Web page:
Systems thinking is a versatile tool for the analysis and design of businesses operating in environments where the outcomes of actions and the results of strategic choice are highly unpredictable. This article shows how system thinking as a tool was used to address a practical question: “What do we have to do, with our stakeholders or all together, to achieve 100% responsible soy products for food, feed and other applications into and inside Europe by 2020?”. This was the leading question of a 4-day expert event realised in 2016, which convened over 30 experts from business, the public sector and civil society to find answers to the leading question.
Soy supply chains are the perfect example of non-hierarchical business networks. The supply chain of soy beans consists of many different classes of actors, geographically dispersed, each with its own interests. For example, soy bean growers in Brazil, Argentina or Paraguay are interested in producing the protein-rich grain at a good – i.e. as high as possible – price while meeting the specifications of the end-buyer. The latter class of actors, mainly companies who produce, trade and market food products or animal feed are also interested in buying at a good – I.e. as low as possible – price while requiring the guarantee that the product was produced in a responsible or sustainable way. Commodity traders play a role in connecting producers and buyers, and are interested in making a margin on their trades, needing to deliver produce that meets the specifications of the buyers. Stakeholders of this value chain may be employees that need a fair wage, local communities that need employment, consumers that may be interested in either the cheapest possible meat, milk, eggs and other soy-fed animal protein products or are interested in being products the external social and environmental impacts of which were not put on society. Investors may be interested in channeling capital to businesses in the value chain if they get a sufficient return on investment. And civil society may be interested in feeding the growing world population while conserving forests, ecosystems, and biodiversity. Not an easy task to reconcile this preferences and different positions into a joint agenda toward more sustainable and economically viable soy value chains.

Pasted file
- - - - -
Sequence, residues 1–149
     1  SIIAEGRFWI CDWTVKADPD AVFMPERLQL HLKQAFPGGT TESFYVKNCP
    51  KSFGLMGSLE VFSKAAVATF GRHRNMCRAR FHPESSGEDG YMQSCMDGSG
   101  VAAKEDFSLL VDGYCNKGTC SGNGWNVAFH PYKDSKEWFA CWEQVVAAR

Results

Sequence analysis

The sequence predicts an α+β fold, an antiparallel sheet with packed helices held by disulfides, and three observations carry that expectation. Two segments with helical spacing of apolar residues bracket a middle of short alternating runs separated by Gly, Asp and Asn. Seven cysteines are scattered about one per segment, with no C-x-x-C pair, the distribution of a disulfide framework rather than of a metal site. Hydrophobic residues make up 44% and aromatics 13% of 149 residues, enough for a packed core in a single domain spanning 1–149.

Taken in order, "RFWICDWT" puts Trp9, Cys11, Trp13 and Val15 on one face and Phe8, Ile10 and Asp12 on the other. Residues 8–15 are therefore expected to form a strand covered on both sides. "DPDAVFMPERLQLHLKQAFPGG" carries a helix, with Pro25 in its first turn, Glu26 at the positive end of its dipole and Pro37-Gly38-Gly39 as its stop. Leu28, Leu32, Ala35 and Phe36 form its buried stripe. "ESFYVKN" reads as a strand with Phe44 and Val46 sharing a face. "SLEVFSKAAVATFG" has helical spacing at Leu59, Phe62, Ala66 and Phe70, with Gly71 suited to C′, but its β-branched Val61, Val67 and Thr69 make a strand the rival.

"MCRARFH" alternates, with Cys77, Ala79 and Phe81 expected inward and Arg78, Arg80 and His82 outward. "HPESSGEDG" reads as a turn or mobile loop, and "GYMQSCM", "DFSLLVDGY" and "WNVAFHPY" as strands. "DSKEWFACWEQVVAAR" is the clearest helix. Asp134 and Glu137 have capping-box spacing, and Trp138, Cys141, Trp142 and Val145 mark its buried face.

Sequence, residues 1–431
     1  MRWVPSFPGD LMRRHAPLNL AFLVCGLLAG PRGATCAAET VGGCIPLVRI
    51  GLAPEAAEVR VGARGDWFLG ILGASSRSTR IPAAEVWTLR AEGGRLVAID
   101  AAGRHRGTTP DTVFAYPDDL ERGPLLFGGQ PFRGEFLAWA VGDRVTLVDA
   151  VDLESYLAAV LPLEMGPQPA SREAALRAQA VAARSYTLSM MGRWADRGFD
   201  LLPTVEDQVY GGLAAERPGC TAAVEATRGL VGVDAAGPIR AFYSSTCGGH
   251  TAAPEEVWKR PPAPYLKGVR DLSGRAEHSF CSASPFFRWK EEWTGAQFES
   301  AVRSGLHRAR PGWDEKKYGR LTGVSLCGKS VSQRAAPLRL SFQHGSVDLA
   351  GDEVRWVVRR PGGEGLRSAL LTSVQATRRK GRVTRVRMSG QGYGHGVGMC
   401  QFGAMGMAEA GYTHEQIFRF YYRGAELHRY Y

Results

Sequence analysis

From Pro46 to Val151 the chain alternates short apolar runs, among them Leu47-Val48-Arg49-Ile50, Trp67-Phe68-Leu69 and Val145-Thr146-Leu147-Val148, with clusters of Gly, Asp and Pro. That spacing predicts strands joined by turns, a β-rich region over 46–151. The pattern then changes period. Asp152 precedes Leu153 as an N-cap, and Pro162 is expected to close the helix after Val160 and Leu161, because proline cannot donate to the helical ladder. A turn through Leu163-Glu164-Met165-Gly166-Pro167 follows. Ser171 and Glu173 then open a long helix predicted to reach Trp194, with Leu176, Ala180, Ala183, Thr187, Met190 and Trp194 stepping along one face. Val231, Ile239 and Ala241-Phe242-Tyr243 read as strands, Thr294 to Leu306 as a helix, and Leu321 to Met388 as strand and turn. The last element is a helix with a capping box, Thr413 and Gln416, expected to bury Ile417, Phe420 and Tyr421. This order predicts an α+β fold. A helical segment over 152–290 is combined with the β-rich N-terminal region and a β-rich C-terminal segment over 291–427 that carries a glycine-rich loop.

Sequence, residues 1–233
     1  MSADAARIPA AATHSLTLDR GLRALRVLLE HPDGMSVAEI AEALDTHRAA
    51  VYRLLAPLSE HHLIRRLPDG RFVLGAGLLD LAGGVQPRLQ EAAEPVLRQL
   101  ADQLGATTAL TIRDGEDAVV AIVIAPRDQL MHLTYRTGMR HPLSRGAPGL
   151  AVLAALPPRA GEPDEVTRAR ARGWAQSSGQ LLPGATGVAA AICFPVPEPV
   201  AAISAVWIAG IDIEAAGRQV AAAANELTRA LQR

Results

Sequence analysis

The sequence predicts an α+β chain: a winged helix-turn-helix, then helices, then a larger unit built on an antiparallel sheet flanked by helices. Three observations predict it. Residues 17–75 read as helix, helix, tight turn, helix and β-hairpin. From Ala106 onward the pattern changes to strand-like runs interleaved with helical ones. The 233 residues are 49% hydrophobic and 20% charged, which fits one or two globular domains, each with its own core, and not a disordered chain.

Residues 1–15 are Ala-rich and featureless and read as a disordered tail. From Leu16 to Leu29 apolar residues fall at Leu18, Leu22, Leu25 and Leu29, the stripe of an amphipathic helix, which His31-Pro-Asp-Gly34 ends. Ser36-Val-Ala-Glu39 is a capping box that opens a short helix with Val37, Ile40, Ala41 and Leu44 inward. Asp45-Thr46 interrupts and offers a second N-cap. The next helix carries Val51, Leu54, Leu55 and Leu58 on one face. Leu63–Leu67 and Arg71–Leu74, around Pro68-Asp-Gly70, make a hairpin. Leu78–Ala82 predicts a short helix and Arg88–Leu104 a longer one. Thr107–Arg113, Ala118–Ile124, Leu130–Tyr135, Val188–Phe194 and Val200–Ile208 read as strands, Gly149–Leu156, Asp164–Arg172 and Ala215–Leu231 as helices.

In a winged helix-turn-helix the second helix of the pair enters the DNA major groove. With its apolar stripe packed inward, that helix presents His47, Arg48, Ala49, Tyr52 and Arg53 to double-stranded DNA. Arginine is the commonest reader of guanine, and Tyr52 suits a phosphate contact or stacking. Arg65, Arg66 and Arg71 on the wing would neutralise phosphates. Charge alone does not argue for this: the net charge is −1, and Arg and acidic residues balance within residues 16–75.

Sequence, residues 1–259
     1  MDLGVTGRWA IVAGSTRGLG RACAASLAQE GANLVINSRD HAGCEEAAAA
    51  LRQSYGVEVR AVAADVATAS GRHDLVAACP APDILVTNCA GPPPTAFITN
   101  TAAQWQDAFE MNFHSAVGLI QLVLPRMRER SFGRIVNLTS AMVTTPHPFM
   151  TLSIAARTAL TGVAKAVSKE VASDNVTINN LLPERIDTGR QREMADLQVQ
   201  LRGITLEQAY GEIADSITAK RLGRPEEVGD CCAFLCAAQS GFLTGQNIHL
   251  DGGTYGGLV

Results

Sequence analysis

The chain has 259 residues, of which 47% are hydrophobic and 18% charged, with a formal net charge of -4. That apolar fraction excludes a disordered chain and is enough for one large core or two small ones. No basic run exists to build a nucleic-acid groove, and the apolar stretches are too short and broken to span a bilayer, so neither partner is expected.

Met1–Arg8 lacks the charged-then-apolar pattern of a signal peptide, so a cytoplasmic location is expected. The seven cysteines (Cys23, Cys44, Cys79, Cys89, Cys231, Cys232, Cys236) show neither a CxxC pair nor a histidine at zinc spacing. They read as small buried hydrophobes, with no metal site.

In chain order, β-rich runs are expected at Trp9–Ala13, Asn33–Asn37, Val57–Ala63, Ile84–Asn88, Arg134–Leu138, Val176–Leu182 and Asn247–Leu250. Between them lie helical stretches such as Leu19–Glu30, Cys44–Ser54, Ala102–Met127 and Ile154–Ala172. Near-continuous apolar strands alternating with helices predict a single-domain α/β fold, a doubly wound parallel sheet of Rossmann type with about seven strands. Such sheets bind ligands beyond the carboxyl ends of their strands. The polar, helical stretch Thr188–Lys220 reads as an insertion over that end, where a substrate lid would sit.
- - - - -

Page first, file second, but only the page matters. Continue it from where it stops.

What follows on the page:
In all of the classes of actors, there are concerns for responsible and sustainable production methods, that respect human rights, offer fair wages and working circumstances, deal with environmental impacts responsibly while still operating with a viable business model. There are commonalities in the mindset of almost all to do the right thing. However, to make production and trade more sustainable is a huge challenge.
While many of the participants in the value chains make progress, within their operations or in smaller networks with their suppliers and buyers, progress is slow: about 1% of global soy bean production is certified by the voluntary sustainability standard of the Round Table for Responsible Soy (RTRS). The criteria of the standard itself are hardly challenged, especially since RTRS has created the first comprehensive deforestation-free soy bean certification in the world. It has been endorsed by international industry organisations such as the European Feed Manufacturers’ Federation (FEFAC), by the Banking Environment Initiative and the Consumer Goods Forum – the association of food brands and consumer products – in its joint Soft Commodity Compact, and by international NGOs such as The Nature Conservancy (TNC) and the World Wildlife Fund (WWF). The RTRS standard is also aligned with the policy objectives of seven European governments and enshrined in the Amsterdam Declaration “Towards Elimination Deforestation from Agricultural Commodity Chains with European Countries”.